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Hurricanes: Science and Society
1281- Hakata Bay Typhoon

In 1273, the Mongol emperor, Kublai Khan, began his invasions to conquer Japan. On August 15, 1281, a massive typhoon struck Japan, destroying a large Mongol fleet that was preparing to launch its second attempt at attacking the island. A combined force of 4,400 vessels and some 140,000 soldiers were retreating to sea in Hakata Bay, Kyushu, Japan, when the huge typhoon hit, ending the invasion attempt. The invading forces suffered devastating causalities- at least half of the Mongol warriors drowned, with only a few hundred ships remaining. Any Mongol soldiers that managed to reach land either starved, due to lost provisions, or were killed by Japanese infantry and samurai warriors. With such significant losses, the Mongols were forced to abandon their plans of invading Japan, saving it from foreign conquest. Only a small fraction of Kublai Khan’s original armed forces returned from the expedition. This has been recorded as one of the largest and most disastrous attempts at a naval invasion in history. The failed invasion also set a limit on the Mongolian expansion, and ranks as a nation-defining event in Japanese history.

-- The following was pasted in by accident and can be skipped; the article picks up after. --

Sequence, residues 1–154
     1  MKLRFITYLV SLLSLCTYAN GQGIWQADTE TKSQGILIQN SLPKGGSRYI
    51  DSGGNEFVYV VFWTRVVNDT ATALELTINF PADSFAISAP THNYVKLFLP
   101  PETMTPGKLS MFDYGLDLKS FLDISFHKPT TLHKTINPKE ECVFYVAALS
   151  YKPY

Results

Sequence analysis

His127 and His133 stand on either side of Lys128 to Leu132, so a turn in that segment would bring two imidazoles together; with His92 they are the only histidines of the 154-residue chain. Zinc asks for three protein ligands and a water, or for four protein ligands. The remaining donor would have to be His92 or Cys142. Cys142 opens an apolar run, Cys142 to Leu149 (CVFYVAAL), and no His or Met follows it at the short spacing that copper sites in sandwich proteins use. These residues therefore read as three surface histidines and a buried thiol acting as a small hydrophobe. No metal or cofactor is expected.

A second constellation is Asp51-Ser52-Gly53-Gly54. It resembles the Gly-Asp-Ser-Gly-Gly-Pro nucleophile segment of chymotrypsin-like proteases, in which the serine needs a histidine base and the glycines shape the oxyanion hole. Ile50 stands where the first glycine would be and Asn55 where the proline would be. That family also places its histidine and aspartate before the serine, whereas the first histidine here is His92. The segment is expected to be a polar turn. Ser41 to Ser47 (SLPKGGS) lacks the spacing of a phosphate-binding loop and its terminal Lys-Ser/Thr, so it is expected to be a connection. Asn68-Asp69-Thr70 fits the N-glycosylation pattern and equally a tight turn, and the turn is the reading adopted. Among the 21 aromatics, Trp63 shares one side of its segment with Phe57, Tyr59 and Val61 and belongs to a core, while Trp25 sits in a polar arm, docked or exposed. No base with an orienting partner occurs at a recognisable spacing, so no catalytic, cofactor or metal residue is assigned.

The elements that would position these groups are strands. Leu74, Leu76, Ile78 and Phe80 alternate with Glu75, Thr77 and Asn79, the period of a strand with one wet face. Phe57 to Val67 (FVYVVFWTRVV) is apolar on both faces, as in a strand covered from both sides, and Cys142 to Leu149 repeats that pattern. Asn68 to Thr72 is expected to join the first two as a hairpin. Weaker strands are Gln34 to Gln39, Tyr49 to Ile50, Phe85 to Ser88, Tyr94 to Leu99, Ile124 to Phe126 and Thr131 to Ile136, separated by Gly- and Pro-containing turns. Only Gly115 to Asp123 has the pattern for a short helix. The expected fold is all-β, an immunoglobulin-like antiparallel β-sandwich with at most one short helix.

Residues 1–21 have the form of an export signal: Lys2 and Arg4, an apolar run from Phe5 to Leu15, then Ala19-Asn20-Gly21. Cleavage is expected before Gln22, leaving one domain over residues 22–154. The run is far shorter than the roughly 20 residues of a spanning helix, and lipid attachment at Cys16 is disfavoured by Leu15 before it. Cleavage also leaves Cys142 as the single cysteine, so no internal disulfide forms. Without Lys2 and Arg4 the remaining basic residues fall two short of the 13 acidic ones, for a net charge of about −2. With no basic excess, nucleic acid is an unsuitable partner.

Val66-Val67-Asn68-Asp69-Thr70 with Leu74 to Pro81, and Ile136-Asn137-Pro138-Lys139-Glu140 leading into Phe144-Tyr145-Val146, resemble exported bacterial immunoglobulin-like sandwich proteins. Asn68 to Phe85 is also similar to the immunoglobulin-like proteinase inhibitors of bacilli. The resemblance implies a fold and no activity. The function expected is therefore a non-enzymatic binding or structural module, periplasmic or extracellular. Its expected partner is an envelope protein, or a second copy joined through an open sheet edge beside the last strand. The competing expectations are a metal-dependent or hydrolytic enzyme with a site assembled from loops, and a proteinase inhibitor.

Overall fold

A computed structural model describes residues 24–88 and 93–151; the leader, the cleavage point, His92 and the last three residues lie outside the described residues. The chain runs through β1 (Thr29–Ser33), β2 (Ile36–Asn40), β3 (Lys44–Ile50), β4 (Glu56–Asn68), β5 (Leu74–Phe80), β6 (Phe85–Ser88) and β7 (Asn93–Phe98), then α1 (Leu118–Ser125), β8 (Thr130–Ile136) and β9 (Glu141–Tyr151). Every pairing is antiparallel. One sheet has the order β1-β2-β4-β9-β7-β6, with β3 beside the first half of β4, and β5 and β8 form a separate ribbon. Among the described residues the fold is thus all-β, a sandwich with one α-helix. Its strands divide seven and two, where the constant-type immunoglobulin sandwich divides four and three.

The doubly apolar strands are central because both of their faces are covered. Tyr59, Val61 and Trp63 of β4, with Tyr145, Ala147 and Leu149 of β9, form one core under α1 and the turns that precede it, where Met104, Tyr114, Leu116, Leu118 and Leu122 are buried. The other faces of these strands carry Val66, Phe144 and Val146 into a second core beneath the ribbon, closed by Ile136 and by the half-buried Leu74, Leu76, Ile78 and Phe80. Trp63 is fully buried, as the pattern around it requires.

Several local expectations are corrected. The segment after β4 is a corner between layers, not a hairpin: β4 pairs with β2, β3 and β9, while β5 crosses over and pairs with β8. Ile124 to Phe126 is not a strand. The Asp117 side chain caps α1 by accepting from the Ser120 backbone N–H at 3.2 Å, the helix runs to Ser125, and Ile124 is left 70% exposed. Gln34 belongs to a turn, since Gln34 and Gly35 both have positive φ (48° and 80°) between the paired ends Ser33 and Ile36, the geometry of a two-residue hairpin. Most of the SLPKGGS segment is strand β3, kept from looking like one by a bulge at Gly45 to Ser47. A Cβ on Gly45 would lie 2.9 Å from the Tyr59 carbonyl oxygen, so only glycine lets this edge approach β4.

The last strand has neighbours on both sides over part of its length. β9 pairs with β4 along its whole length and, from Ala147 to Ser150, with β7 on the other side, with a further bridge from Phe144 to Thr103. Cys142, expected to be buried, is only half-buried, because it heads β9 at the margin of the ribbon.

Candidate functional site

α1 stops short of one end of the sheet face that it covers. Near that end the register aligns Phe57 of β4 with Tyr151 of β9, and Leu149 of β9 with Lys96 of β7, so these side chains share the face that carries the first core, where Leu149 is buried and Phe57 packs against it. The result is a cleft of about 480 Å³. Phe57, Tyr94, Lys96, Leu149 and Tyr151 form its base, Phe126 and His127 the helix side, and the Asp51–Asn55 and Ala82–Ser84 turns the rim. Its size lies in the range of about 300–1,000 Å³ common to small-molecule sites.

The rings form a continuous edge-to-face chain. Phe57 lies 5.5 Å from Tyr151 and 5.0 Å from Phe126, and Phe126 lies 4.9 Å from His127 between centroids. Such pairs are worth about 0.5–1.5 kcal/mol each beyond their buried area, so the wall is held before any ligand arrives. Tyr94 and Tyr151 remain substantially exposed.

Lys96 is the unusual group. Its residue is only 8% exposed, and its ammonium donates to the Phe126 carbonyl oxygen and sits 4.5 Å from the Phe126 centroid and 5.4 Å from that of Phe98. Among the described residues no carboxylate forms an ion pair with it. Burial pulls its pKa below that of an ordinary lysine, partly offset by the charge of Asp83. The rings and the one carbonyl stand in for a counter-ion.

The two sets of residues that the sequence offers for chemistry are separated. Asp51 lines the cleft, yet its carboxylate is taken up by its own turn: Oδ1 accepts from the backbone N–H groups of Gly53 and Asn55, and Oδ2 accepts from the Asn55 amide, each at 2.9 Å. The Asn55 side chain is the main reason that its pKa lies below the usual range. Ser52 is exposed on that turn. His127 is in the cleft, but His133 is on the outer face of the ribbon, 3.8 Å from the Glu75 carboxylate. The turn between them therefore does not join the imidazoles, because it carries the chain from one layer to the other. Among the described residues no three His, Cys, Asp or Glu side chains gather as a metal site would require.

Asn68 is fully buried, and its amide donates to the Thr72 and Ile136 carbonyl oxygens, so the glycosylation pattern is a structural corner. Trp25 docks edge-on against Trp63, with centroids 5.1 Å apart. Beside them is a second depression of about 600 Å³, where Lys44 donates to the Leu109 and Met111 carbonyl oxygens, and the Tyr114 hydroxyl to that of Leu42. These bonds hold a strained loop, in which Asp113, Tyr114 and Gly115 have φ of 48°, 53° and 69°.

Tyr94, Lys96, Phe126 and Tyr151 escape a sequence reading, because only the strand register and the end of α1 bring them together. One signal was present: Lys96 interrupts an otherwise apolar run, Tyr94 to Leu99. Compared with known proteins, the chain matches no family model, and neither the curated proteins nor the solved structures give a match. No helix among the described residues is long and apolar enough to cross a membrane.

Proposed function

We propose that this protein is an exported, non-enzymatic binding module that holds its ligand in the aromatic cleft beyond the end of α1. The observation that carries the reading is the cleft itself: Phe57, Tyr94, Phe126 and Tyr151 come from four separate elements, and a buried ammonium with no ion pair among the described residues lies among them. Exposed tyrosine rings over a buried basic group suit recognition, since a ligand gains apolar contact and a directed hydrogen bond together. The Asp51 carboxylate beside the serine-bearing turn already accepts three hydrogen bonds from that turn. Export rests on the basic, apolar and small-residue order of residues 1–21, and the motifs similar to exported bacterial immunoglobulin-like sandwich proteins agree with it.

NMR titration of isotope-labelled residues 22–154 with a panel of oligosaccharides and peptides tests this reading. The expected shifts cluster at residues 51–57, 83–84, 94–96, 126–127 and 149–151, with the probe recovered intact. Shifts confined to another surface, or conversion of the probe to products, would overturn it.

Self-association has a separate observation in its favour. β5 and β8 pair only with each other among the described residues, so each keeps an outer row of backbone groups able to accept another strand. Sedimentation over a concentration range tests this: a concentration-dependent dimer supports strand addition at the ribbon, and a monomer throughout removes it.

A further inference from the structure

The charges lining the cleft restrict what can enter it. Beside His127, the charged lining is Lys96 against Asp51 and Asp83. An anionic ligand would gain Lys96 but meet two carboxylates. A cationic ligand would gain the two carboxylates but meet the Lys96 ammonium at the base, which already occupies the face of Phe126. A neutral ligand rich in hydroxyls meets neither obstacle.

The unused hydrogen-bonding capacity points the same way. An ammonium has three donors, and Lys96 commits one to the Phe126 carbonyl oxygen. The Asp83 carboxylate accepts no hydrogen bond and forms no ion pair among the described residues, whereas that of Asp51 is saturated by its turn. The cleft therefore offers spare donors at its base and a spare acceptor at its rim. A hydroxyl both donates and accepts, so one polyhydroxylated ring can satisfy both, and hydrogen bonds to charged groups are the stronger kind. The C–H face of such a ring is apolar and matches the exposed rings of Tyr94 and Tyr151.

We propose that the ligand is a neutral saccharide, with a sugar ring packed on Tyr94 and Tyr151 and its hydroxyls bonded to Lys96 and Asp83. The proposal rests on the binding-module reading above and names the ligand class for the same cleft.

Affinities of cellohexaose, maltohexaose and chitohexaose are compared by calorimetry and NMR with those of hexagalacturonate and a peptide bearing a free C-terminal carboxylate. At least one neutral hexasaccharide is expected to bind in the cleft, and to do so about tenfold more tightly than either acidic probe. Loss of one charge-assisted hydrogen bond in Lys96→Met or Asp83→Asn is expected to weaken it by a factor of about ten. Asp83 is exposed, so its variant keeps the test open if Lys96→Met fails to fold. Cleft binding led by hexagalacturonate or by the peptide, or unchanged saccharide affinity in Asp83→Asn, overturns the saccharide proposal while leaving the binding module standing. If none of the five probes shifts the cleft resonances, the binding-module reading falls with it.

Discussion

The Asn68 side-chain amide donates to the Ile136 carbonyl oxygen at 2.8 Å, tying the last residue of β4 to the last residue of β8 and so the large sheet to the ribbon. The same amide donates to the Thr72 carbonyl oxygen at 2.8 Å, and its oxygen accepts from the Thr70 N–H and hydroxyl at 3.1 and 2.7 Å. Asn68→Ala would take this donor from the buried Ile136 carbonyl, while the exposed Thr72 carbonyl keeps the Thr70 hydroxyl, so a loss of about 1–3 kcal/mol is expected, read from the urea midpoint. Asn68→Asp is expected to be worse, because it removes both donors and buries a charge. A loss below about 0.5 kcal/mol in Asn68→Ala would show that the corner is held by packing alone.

Fast Facts:

  • Another typhoon had foiled an earlier effort by the Mongolian fleet as it attempted to invade Japan in 1274. The Mongolian forces comprised approximately 30,000-40,000 men and an estimated 500-900 vessels. As the ships tried to safely ride out the storm by sailing into Hakata Bay, the typhoon hit, sinking approximately one-third of the fleet. An estimated 13,000 of Kublai Khan’s men drowned.
  • Literally meaning “divine wind”, the Japanese term kamikaze was coined in honor of the 1281 typhoon, as it was perceived to be a gift from the gods (to deliver their land from the enemy invaders). The term was later used in World War II to refer to the Japanese suicide pilots who deliberately crashed their planes into enemy targets (mostly ships).


Randy Cerveny. July/August 2007. Weather and Mongols- How the forces of nature helped shape an empire. Weatherwise. Pp 23-27.
Divine Wind. K. Emanuel (will need to double check pages)
Wikipedia- Mongol invasions of Japan